Aimé Césaire, Counting Song
The Non-Aligned Movement was formed at the meeting of Third World leaders in Bandung (Indonesia) in 1955, and the first conference was held in 1961 in Belgrade (Yugoslavia). In the world of division between the capitalist and socialist blocs in the northern hemisphere, the Non-Aligned Movement consisted mainly of African and Asian states that tried to build a collective identity in the fight against imperialism, colonialism, neocolonialism, apartheid, racism. The Non-Aligned movement focused on national struggles for independence, poverty eradication and economic development. Non-aligned countries represented 55% of the world’s population, most of the world’s governments and almost two-thirds of the United Nations. The idea of non-alignment and the policy of coexistence became one of the most valuable achievements after the Second World War. The Non-Aligned Movement created space for significant transnational exchange in the fields of science, art and culture, architecture and industry, challenging the hegemonic order and establishing new meanings of the relationship between the center and the periphery.
Although there has never been a Non-Aligned Film under that name, the Third Cinema bore the denominator of the change of aesthetics and politics in the moving images regime. It had a significant place in the process of decolonization. It was a weapon and a tool for producing knowledge. Film pioneers of the newly liberated countries of Africa, Asia and Latin America, created specific liberating languages drawn from paramodern phenomena such as folk religion or ritual magic. The dominant European post-war film realism based on individuality is deconstructed by the antimimetic logic of folk tales and collective film speech.
The pandemic stopped humanity for a moment, it made us try to understand it and adapt to the new reality. Block divisions are long gone, but there are others. Pre-pandemic “normality” was already divided – filled with cracks in gender, class, nationality, religion, separation, migration and exile. As we emerge from the pandemic, we are witnessing the intensification of political conflicts, the deepening of economic inequality and poverty, and continuous colonial and environmental violence.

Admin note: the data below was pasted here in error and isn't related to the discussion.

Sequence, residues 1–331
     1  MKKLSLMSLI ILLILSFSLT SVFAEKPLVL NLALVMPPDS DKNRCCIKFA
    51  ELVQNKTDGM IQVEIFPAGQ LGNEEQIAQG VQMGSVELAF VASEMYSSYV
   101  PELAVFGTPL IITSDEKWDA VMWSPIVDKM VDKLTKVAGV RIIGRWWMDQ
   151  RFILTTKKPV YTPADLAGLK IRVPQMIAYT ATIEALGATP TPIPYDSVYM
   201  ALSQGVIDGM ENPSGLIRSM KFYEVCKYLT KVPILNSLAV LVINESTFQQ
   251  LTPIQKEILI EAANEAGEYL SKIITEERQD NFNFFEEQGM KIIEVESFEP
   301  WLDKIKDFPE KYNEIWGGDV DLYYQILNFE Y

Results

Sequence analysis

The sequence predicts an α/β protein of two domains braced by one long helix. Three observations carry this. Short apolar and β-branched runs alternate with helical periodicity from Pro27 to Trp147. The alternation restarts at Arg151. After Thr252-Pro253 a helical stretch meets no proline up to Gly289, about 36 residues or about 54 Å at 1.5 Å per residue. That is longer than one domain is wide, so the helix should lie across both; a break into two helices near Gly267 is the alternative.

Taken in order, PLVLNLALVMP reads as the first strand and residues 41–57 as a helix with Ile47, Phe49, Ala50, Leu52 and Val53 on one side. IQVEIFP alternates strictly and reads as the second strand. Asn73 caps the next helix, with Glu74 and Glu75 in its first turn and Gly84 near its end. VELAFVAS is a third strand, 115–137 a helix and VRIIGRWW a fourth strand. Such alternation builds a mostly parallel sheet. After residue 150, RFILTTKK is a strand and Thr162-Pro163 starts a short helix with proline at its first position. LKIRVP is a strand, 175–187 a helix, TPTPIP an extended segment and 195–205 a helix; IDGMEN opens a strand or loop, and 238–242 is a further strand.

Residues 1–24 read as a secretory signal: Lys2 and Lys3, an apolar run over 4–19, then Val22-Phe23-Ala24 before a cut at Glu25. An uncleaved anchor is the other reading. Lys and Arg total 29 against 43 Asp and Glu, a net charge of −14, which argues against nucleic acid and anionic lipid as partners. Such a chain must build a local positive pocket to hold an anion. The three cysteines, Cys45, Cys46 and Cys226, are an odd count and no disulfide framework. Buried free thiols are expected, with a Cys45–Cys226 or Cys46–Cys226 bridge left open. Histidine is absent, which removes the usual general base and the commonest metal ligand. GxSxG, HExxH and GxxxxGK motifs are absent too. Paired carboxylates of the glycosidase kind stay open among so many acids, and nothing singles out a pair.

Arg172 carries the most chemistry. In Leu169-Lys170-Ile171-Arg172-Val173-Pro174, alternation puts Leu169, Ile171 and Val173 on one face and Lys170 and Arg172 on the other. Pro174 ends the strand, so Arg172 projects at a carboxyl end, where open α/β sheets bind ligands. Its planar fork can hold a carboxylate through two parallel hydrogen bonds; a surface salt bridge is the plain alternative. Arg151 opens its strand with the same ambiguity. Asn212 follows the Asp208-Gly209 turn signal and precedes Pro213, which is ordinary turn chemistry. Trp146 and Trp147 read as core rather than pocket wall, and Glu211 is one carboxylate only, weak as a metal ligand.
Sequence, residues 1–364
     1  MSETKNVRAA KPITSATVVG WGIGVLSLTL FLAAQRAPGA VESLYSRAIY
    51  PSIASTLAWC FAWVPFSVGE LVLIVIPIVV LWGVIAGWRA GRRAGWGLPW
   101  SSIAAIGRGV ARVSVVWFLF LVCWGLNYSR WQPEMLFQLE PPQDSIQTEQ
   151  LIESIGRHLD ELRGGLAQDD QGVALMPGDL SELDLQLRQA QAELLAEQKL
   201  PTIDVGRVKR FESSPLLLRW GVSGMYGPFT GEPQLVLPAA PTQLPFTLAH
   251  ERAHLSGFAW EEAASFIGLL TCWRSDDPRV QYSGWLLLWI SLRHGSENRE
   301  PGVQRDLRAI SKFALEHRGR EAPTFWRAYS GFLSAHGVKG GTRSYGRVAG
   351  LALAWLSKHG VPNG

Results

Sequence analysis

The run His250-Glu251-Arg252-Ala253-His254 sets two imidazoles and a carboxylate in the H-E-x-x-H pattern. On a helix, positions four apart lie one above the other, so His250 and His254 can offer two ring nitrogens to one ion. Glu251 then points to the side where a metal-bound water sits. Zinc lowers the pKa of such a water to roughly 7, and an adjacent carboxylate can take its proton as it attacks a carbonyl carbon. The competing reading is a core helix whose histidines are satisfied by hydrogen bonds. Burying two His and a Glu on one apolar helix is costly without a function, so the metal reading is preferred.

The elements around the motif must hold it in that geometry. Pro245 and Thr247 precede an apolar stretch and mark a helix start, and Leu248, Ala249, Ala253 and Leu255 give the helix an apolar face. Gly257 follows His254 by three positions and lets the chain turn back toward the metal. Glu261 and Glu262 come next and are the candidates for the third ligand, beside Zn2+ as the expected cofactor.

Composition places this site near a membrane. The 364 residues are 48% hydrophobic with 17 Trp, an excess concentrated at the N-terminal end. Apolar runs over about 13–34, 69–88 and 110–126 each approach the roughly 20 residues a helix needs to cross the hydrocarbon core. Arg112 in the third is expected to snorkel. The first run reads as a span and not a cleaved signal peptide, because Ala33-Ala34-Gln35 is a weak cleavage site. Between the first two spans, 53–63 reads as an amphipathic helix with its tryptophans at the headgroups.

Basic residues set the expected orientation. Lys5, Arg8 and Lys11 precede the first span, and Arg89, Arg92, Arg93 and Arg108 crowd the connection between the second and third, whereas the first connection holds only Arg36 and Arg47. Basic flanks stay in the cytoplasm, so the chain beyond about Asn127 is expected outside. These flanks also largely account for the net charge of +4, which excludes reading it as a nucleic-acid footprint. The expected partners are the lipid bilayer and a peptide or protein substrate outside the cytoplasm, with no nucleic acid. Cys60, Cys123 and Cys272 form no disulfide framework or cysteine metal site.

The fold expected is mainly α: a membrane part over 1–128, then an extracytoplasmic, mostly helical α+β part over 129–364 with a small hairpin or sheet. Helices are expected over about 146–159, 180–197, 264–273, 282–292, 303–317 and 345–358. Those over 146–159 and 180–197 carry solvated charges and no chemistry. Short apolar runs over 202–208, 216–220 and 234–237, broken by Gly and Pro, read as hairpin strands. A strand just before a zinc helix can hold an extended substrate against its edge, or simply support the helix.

Is film a tool in the new struggles around us, a means of understanding social, cultural and political changes, or is it just an apparatus that indifferently records the traces of time from the end of the second decade of the 21st century? What is the status of the image that thinks the future? Does it rely on previous audio-visual and production codes, or does it dare to think outside the language, constructing new knowledge and shifting horizons?
We have formed three program units of the international competition program around the idea of de-colonization in the epistemological, historical and contemporary sense. The first program already treats the historical ideas of modernization, critically re-examines the de-colonization struggles in the 20th century and confronts their narratives with personal stories and folk myths. Documents are permeated with generic fictionalizations of exploitation, the trauma of survival on the periphery of the capitalist system with dreamed utopias and alternatives. The second program conceptually tries to take away the colonizing power from the view itself: the view of nature, culture, civilization. To dissolve Western notions of the narrative itself and the place of the spectator in it. Stereotypes and prejudices, media clichés and protocols, cognitive mappings in sensually deprived environments are the sub-themes of the third program that “covers” the identity struggles of decolonization in modern imperialism.
Thanks to all the authors and collectives who applied for Alternative Film / Video 2021, contributing to us thinking different images and sounds this year as well.
doplgenger (Isidora Ilić and Boško Prostran)
selectors of the international competition program